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Lighten up! Can Suzuki keep its lightweight and efficiency ethos as it moves into electric car era with models like the eVX?

Suzuki believes it has strategies in place to keep the weight of its EVs down, and therefore boost efficiency.

Suzuki, known for its lightweight and efficient platforms, wants to keep this philosophy alive as it moves towards electric vehicles (EVs) that are laden with technology.

Speaking to CarsGuide at this year’s Japan Mobility Show, a senior designer from Suzuki who wished to remain unnamed, said a different approach will be applied to electric cars to keep the brand’s trademark ultra-efficiency.

“First I think aerodynamics becomes a big part of it when we are playing with EV platforms, so we’re working really hard on aerodynamics,” he said.

“Of course, we have a concept model today, but we also have to think about tyre sizes and tyre widths. Also think about aerodynamics of the wheels and the sizes of the lamps – for example, lamps are very heavy, so we have to decrease the size of lamps.

“And if you talk about the interior, we had like excessive instrument parts that is not quite useful that can be thrown out.

“If you look at the interior of this car, you can see less old-fashioned, analogue buttons – that’s all thrown out, everything can be replaced by digital touchscreen multimedia.”

Exact details for Suzuki’s first electric car are still unknown, but the design is previewed by the eVX concept that was revealed earlier this year and shown off again in Tokyo last month.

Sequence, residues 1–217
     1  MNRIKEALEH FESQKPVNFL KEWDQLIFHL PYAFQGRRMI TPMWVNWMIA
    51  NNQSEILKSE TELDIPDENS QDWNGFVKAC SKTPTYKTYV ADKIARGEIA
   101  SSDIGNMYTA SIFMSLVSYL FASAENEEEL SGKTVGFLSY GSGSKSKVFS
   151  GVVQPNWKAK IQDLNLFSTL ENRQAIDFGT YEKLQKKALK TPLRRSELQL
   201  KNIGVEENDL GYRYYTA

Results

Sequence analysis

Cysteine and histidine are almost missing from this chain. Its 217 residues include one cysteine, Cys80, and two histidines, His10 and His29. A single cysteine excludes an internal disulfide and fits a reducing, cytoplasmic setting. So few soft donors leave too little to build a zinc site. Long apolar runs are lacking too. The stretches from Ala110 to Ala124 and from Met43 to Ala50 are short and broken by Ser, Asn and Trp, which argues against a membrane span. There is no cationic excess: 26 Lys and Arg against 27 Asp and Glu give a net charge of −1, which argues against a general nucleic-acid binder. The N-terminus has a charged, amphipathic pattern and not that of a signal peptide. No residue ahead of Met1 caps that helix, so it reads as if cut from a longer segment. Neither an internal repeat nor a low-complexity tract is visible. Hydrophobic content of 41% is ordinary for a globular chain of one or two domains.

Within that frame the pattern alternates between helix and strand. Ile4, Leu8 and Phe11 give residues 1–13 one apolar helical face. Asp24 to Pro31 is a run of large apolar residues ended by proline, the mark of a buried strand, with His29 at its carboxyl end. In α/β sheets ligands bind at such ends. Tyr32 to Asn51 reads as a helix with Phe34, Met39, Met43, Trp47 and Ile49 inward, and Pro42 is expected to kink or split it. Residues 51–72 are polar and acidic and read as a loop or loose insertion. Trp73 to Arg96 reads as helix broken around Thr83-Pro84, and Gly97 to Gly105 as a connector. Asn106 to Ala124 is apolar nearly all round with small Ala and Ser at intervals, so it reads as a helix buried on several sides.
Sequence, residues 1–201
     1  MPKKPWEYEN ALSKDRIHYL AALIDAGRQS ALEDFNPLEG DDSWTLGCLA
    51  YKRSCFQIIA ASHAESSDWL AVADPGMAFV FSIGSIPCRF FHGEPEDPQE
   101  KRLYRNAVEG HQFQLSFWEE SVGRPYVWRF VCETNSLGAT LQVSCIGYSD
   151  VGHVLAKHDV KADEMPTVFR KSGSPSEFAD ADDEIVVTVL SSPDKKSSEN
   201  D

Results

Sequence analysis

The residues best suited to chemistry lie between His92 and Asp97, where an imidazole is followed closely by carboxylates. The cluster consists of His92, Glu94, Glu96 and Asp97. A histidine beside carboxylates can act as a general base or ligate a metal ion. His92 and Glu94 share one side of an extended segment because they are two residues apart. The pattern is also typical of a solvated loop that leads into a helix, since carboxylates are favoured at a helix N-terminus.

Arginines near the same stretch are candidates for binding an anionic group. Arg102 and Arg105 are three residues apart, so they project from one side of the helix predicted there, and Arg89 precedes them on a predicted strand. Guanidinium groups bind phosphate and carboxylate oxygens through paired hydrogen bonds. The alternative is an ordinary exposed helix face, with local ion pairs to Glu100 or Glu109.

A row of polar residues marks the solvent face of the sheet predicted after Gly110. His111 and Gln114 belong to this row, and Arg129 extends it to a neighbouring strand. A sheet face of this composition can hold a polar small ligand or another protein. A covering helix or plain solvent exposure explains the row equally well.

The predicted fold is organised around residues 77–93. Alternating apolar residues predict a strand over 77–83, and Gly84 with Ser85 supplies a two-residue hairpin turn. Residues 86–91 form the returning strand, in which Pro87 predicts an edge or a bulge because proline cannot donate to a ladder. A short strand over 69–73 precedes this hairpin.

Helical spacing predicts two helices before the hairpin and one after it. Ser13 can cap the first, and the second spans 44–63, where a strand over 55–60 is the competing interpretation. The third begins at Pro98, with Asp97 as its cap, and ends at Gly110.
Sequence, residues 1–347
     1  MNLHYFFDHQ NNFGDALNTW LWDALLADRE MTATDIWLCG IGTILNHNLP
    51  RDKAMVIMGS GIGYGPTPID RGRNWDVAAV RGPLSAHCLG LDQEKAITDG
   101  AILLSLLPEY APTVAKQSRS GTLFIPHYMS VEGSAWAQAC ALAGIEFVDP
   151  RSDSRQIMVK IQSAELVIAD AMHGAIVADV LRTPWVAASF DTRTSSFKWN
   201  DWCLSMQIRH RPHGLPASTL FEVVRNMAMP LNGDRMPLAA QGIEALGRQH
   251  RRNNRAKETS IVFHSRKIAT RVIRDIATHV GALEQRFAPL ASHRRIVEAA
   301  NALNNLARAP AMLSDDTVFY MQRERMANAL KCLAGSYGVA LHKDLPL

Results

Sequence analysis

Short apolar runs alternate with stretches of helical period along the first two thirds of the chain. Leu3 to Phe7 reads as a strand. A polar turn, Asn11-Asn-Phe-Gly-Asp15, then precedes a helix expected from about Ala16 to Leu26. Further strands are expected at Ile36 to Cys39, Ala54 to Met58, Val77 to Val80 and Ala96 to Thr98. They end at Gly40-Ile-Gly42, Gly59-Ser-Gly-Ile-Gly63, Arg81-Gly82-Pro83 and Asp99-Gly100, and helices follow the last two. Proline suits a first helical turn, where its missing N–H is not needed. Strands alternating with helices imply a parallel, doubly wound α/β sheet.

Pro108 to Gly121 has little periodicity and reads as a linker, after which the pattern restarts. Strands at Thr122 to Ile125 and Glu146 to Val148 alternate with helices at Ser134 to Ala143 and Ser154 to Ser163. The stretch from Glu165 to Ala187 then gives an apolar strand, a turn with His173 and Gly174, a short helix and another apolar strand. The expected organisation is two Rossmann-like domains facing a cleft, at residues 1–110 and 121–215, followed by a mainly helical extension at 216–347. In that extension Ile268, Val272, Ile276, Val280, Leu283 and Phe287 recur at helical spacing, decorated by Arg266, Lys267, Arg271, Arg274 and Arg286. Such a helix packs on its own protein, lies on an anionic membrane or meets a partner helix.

The model is targeting a 500km driving range when it makes it to production (the concept features a 60kWh battery), while a two-speed automatic transmission could also be used to boost efficiency thanks to Suzuki’s partnership with Inmotive Inc.

Power and torque output targets are currently unknown.

And another big question mark is how much the production eVX will weigh.

For reference, the kerb weights of the Swift, Jimny three-door and S-Cross (Suzuki’s current largest model) are a minute 900kg, 1095kg and 1185kg respectively – making them, in some cases, hundreds of kilograms lighter than rivals.

“The way we think about how to build a car is how lightweight we can make it,” the designer said.

“It means how many things we can remove without making the car looking disappointing.

“So that’s the hard part and that’s the dilemma.

“I think when we start designing cars for the future, we cannot think as [we] used to think in the past – we have this preconception that things have to be there [but that will change].”

The production version of Suzuki’s eVX is expected to launch in international markets in 2025, followed by a release in Australia.

And future EVs are likely not coming to market until after the eVX’s 2025 debut.